Steve is a 30-year+ veteran of media agencies, rising to CEO, North America of MEC (now Wavemaker) as well as COO of Havas Media. His accomplishments include both operational and advertising honors including a Cannes Gold Lion for AT&T/Who Wants To Be A Millionaire, 7-Time Adweek/MediaWeek Media Plan of the Year Award honoree, as well as being named an Adweek/MediaWeek Media All-Star the inaugural year of the award in 1986. He was also awarded the 1994 FCB Chairman’s Award. In 1999, MEC was also named Advertising Age’s “Media Agency of the Year” under his leadership.

Steve is currently in his 13th year leading TVB. Under his leadership, membership has grown 20% to over 800+ member stations, accomplished through the creation of national and local new business development teams, renewed research offerings and a concerted effort to ramp-up advocacy efforts within both industry press and general press. Additionally, TVB’s annual conference has grown tenfold.

TVB is now in its 19th year of partnering with the Ad Council and the National Highway Traffic Safety Administration on Project Roadblock: Local TV Puts the Brakes on Buzzed Driving with over 1,000 stations participating in this campaign. In addition, Steve serves on the boards of the Broadcast Foundation of America, The Ad Council, and the Emma Bowen Foundation. He is also involved with and The Greater NJ MS Society.

Steve has been the Principal Speaker at numerous events including Goldman Sachs Communacopia Conference, JP Morgan Media Summit, Forecast 2022, Wells Fargo Advertising Day, Sanford C. Bernstein’s Future of Media Conference, ANA Annual Conference, NAB (National Association of Broadcasters) Annual Conference, and the NADA (National Automobile Dealers Association Conference) where his presentation was chosen as best in class.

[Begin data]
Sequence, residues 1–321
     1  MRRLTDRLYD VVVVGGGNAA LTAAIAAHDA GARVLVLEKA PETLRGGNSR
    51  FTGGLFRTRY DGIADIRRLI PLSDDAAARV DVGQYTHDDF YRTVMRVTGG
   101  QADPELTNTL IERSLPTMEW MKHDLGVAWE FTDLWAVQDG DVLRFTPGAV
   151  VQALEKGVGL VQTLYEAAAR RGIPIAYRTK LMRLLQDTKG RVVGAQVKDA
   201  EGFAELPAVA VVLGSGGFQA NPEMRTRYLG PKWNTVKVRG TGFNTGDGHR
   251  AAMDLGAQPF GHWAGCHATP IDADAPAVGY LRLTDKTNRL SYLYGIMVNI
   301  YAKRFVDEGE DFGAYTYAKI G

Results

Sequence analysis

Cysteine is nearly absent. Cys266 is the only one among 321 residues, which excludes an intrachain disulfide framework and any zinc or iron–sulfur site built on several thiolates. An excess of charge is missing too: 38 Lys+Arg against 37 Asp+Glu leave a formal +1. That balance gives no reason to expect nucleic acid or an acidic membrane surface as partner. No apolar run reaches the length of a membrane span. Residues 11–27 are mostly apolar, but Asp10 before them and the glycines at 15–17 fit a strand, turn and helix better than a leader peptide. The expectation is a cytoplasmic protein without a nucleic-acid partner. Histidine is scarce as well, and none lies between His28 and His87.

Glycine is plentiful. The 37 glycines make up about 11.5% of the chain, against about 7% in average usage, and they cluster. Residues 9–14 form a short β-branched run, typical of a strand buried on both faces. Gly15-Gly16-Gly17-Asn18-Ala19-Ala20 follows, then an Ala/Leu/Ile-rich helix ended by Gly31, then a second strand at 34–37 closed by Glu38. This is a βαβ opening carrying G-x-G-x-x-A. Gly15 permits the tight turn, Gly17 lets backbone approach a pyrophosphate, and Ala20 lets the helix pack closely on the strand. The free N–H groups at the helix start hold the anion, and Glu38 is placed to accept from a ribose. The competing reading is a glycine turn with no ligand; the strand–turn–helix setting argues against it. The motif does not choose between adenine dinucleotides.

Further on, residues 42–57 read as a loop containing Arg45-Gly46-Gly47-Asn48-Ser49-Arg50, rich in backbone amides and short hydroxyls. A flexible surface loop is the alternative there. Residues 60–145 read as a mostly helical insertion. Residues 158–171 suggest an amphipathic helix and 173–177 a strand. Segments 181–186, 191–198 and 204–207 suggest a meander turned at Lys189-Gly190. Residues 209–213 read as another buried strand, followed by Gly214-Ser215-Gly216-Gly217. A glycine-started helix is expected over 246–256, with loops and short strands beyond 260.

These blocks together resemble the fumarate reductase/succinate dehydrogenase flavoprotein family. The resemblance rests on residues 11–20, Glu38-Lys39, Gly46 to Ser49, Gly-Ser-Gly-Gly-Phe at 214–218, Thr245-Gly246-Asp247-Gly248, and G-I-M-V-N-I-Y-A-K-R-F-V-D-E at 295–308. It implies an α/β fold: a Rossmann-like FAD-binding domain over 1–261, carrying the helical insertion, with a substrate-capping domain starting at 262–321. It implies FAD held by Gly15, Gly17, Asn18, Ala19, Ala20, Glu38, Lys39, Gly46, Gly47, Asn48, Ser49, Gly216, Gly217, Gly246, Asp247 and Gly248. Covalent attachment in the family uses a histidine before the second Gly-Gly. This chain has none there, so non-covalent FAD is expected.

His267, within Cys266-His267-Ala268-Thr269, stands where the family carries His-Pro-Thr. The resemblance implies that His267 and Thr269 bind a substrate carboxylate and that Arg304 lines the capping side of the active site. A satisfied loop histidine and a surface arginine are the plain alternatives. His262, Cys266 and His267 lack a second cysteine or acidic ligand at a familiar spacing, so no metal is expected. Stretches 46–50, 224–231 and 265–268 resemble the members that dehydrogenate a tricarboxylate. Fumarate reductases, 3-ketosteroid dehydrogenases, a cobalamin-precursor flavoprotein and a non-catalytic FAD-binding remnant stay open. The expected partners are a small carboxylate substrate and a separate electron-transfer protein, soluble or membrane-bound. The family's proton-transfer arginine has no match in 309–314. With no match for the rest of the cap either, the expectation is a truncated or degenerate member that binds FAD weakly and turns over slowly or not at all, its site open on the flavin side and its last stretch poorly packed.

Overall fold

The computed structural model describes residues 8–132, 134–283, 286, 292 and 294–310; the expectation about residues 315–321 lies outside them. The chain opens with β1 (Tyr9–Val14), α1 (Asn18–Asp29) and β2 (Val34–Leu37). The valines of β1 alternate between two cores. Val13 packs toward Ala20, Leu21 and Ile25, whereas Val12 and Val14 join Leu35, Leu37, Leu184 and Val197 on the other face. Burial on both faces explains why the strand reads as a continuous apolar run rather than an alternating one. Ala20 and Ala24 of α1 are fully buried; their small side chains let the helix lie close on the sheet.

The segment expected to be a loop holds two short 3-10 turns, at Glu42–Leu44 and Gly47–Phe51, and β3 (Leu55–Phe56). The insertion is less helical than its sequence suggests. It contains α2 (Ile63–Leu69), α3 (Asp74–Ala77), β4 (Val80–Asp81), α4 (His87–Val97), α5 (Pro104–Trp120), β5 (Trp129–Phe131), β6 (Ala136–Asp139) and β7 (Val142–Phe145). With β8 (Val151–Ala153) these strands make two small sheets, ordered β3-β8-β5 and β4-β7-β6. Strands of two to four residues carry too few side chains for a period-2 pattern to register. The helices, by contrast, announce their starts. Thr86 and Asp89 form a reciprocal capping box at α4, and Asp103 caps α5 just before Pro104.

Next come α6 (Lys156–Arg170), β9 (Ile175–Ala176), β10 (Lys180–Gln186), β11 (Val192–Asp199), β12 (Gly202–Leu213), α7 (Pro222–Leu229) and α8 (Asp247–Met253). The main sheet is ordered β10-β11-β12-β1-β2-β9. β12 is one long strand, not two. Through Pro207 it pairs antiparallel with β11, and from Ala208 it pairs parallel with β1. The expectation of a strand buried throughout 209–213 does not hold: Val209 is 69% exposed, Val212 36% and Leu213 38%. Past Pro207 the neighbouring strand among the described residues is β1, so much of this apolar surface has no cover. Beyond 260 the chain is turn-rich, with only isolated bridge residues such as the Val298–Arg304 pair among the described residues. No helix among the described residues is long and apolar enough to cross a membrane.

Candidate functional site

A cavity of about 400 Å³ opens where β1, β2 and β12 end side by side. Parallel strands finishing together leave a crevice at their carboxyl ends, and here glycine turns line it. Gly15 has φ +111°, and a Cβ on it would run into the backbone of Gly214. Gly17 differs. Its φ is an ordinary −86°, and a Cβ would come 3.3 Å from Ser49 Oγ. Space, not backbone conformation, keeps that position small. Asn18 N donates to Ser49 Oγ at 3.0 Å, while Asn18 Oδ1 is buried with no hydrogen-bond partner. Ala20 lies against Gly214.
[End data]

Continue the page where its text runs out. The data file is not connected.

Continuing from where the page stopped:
Steve is married and resides in East Brunswick, New Jersey. He has three children, and six grandchildren.

Cross Screen Media is a leading CTV activation managed service for marketers and agencies, built on a proprietary technology platform that enables advertisers to plan and measure advertising across Connected TV and audience-driven Linear TV at the local level. We seamlessly fit into existing workflows to help agencies scale, differentiate and deliver high-impact campaigns for their clients. For more information, visit

Michael Beach

Michael Beach is the Chief Executive Officer of Cross Screen Media, a media analytics and software company that enables marketers to plan, activate, and measure CTV and linear TV at the local level. Michael is also the founder and editor of State of the Screens, a weekly newsletter focused on video advertising that is a must-read for thought leaders in the advertising industry. He has appeared in such publications as PBS Frontline, The Wall Street Journal, The New York Times, Axios, CNBC and Bloomberg, and on NPR’s Planet Money podcast.